Shows related items.
When to use
- You have simple pieces of information that are related or have a similar structure.
When not to use
- You have more complex, tabular information—use a table.
- There are choices connected to the information—use checkboxes or radio buttons to enable interaction.
- You have complex structures with choices— use list choices.
Use when order doesn’t matter
The list component presents information as unstructured lists. Don’t use it when the order of the items matters, such as a list of steps in a process. Instead, use an ordered list.
Use for similar items
Lists are good at making more complex information easy to scan. This works well when you have multiple items with similar information.
They aren’t designed to emphasize details. So don’t use them when you only have one item to set off from surrounding text.
Use paragraphs for single items.
Don’t use lists for emphasis.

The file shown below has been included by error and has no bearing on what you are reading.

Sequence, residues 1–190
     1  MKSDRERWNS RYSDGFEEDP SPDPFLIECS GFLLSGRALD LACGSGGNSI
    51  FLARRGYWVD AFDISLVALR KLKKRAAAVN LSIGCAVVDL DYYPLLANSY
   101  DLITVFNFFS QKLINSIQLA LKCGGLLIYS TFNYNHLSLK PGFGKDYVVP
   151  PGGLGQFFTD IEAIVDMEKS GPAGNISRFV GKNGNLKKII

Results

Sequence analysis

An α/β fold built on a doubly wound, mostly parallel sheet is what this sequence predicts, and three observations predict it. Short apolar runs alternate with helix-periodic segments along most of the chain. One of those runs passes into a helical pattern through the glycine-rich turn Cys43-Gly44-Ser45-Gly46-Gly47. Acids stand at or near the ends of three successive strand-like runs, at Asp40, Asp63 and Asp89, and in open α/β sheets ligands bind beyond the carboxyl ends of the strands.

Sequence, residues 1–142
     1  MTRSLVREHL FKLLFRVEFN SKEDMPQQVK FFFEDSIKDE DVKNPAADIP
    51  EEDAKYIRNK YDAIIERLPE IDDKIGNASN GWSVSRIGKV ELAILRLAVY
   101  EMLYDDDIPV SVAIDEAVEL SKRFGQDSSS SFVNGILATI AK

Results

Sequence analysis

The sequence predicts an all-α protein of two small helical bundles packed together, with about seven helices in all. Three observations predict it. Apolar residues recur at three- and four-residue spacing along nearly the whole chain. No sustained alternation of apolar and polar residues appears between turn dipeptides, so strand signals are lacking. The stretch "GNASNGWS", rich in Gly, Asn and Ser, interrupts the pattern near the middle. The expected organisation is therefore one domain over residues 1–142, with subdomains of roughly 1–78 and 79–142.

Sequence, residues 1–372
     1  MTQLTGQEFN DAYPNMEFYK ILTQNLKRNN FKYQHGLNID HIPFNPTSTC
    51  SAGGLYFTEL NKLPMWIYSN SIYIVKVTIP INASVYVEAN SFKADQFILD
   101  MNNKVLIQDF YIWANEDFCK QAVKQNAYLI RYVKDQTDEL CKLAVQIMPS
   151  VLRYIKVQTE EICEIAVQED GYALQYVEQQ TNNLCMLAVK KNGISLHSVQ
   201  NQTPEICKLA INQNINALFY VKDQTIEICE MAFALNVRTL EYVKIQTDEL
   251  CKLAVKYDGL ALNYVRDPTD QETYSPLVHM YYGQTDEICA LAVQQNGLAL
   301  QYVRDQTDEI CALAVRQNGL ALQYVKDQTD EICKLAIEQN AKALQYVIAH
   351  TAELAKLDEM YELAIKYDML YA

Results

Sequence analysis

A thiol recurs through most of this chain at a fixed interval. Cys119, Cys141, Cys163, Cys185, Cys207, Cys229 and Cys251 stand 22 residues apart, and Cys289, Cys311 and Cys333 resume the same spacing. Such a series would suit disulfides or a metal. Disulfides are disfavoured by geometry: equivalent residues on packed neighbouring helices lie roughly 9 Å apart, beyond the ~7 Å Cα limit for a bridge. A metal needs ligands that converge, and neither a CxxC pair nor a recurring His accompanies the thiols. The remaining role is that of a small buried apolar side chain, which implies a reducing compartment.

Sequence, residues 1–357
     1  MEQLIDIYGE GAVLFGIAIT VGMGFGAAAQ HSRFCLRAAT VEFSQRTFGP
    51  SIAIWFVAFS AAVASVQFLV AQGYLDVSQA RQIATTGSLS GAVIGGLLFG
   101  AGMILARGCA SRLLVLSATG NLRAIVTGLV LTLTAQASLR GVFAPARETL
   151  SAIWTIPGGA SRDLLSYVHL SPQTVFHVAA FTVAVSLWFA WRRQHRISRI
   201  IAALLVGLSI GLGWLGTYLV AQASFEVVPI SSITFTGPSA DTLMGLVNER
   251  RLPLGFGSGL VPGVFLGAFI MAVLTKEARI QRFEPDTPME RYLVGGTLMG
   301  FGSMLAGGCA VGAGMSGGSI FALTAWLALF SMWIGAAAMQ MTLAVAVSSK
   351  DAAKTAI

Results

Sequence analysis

Similarly, while lists provide a visual break, they shouldn’t be used just to break up long paragraphs. If you don’t have information that can be broken into similar pieces, break long paragraphs into shorter ones but don’t use a list.
As the passenger, it’s your responsibility to ensure you have the correct visas and travel documents for your trip.
You should carefully check which countries you’re transiting through before making your booking. A visa is generally required even for transit or rechecking your baggage.
Use parallel structures
Each item in the list should be phrased in a similar way. This consistency helps users scan to find the information they need. Varying the structure makes it harder to understand.
Look & feel
Use icons sparingly
Icons can help add emotion to your lists, such as checks in colorTextSuccess when listing features. They can also make details easier to scan, such as the icons in the content structure.
But too many different icons can draw too much attention and overwhelm users. Only use them if they provide clear value and don’t distract too much from important actions.